Last night's episode of This Week in Cloud Computing features BlueLock's CTO and Co-Founder Pat O'Day. In the episode the subject of application & virtual machine portability comes up several times and Pat discusses one aspect of VM deployment: allowing several virtual machines to be deployed together as a singular, orchestrated virtual application solution. In VMware parlance this kind of logical grouping is considered a vApp, or virtual application solution.
The distinction between vApps and VMs can get a bit foggy and unclear at times. Things become a bit clearer when you take a look at the Open Virtualization Format (OVF) specification, which outlines the metadata that describes a vApp. In a nutshell: vApps are ultimately not definied by the virtual machines that run within them, but instead is a way of telling your infrastructure how VMs can play nicely with each other. Should the exist within an isolated network? How should IP addresses be allocated? Do you start the database server before the application server? Where did that other sock go? The OVF format lets your cloud infrastructure know all the facts necessary during deployments, shutdowns and re-starts.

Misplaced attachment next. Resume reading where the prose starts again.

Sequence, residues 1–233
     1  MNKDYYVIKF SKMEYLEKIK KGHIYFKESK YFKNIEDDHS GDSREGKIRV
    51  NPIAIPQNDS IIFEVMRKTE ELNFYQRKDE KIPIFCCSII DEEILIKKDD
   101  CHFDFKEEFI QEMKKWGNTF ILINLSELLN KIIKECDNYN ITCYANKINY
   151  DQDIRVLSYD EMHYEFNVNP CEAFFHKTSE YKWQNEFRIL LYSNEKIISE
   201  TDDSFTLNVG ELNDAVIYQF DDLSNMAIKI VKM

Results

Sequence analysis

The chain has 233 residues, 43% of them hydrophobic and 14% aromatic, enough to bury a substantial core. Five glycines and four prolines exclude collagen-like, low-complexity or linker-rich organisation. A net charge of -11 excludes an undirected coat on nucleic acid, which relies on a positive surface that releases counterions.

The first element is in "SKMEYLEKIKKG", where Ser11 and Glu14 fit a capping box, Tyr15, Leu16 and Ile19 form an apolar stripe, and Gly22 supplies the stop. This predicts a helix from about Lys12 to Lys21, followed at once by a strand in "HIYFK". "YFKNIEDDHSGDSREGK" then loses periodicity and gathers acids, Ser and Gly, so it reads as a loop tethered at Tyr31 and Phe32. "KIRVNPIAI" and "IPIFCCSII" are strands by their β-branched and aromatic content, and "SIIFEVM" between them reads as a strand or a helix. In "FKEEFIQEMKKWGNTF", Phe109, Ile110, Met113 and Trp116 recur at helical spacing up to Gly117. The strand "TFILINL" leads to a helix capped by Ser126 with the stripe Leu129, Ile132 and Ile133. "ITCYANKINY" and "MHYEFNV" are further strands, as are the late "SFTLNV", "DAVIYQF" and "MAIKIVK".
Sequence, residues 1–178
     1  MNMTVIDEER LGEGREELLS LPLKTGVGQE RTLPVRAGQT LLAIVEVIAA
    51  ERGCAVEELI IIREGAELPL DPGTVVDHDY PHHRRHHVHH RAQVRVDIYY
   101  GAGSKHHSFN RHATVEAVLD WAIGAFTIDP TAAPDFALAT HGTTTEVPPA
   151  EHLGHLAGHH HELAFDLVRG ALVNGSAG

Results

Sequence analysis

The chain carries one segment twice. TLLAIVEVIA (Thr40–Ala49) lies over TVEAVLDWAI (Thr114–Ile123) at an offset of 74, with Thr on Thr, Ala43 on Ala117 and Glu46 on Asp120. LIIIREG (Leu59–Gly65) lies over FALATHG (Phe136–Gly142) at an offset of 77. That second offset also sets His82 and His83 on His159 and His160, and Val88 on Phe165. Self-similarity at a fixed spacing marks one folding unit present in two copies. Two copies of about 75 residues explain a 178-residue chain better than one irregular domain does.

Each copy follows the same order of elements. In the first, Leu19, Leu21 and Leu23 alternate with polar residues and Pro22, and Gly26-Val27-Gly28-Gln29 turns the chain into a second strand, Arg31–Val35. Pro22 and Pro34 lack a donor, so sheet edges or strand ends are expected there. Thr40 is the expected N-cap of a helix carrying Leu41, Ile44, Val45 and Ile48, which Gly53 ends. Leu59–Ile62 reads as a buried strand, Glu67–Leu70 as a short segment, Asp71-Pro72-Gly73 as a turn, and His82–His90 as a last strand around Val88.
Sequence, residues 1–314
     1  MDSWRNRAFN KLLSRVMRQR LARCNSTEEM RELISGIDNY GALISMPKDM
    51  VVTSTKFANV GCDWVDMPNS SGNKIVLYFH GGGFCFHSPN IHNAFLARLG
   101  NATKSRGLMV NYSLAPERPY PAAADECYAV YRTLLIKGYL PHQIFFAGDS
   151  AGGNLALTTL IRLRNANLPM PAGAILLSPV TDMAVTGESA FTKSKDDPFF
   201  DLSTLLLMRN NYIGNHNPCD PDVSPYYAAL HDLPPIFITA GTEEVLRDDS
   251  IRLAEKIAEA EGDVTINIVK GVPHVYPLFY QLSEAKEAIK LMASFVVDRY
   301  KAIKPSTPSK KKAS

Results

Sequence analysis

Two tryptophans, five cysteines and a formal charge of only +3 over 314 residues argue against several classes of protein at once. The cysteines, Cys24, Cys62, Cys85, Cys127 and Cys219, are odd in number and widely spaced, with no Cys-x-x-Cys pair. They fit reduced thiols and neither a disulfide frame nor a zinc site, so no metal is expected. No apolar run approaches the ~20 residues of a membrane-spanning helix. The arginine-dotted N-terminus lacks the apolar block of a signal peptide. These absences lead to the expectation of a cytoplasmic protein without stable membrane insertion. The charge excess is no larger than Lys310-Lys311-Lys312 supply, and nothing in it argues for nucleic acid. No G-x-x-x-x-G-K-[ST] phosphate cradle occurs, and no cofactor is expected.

This can be especially handy for disaster recovery. Imagine a meteor strikes your primary cloud hosting facility. Even though your operations staff now has super-powers, your data center is toast. Luckily you had the presence of mind to keep your vApps in an off-site data center that automagically activates when the primary data center goes offline. Thanks to the vApp's metadata, the disaster recovery site knows how to start an entire n-tier web application in an orderly fashion so that dependent services don't start out-of-order.
This kind of virtual application meta-data is being continuously extended to include service levels and quality of service data so that vApps can be deployed or even migrate to the most ideal resource pool either based on cost, performance or a mix between the two. This specification is evolving, and so are the use cases and technology stack that supports it. As the cloud ecosystem matures we will continue to see innovative ways to focus on not just the virtual machine, but the entire virtual solution.